The cause of stress is partly within ourselves

People seem to vary as to how much stress they can deal with before reaching their own breaking point. The cause of stress is something outside of oneself but don’t some of us also add to the load that life weighs down on us by having unrealistic hopes and fears? Excessive demands are a bad thing, but often they come from yourself. Being on the go all the time and you may become exhausted. Expect to get promoted and you may feel more held back and agitated if you are not. Look forward with certainty to having a child and you may feel more disappointment if you do not get pregnant.

I would suggest what is required is an expansion of our focus to include not only the problem but also what is most meaningful and valuable in our lives. And I believe this is how spiritual teachings can help: they oblige us to reflect on how our feelings are affected by our beliefs about how things should be.

The stress of being alone

In his book Adrift: Seventy-six Days Lost at Sea, Steven Callahan describes how when he was sailing across the Atlantic alone, his boat struck something and sank. He was set adrift on a rubber life raft struggling to survive.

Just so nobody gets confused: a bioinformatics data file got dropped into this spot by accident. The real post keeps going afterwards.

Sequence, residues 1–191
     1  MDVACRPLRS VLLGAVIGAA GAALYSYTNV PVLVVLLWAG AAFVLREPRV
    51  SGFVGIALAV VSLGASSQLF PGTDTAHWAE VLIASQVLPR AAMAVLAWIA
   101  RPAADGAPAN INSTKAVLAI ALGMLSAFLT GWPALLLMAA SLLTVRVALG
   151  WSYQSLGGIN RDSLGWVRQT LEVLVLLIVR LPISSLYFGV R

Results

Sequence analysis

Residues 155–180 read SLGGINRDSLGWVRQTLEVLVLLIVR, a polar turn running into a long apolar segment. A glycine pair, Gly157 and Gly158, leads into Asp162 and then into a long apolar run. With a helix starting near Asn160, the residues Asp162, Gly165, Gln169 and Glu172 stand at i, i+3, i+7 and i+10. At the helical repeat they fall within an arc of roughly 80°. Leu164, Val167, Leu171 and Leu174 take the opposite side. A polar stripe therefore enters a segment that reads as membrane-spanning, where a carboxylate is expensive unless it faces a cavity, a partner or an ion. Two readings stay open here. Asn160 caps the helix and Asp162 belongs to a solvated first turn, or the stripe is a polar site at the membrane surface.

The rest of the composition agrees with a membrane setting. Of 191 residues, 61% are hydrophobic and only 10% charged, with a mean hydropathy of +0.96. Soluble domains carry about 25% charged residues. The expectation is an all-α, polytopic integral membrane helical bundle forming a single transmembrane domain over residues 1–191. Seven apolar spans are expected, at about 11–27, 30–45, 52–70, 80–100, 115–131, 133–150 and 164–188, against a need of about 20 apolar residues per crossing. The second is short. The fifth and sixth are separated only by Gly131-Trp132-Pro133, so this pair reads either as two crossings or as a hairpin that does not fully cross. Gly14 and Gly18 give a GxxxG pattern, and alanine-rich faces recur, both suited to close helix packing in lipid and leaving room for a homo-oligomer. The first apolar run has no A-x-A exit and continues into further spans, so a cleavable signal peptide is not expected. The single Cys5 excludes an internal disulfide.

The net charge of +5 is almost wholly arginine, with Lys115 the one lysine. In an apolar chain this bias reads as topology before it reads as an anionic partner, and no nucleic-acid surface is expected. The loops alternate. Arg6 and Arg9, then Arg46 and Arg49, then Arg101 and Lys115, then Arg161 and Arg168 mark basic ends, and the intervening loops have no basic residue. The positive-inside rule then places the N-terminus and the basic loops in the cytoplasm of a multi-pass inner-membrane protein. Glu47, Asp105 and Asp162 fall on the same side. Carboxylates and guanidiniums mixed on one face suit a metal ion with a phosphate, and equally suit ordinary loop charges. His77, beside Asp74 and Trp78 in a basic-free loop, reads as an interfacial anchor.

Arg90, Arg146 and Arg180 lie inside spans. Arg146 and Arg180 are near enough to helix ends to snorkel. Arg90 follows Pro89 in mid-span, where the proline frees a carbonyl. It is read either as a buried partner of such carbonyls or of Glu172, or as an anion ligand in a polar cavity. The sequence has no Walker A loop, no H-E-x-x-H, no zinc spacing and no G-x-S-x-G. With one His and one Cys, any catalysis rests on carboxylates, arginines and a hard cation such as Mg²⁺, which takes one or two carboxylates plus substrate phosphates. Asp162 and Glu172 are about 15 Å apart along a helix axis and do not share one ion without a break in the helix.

“Deprivation seems a strange sort of gift. I find food in a couple hours of fishing each day, and I seek shelter in a rubber tent. How unnecessarily complicated my past life seems. For the first time, I clearly see a vast difference between human needs and human wants. Before this voyage, I always had what I needed — food, shelter, clothing, and companionship — yet I was often dissatisfied when I didn’t get everything I wanted, when people didn’t meet my expectations, when a goal was thwarted, or when I couldn’t acquire some material goody. My plight has given me a strange kind of wealth, the most important kind. I value each moment that is not spent in pain, desperation, hunger, thirst, or loneliness.”

A Buddhist perspective on stress

From a Buddhist perspective the problem of stress is to do with an attachment to something. If you are feeling impatient and frustrated and want something in a hurry, what idea are you clinging on to? It is likely to include the word ‘must’. “I must have more money”, or “more success”, or “immediate gratification”, or “more appreciation”. “I must be right.” “Must get my own way.”

Confusing what one must have with what one needs.

A Swedenborgian perspective on stress

According to spiritual philosopher Emanuel Swedenborg, peace and contentment (the opposites of stress and tension) are spiritual qualities: and you will be disappointed in so far as you prioritise the things of the world rather than the things of the spirit. In other words, if you have a mainly self-centred way of looking at things and place materialistic goals at the centre of your life – looking first towards excessive consumption, social status and bodily pleasure – then anxiety is inevitable.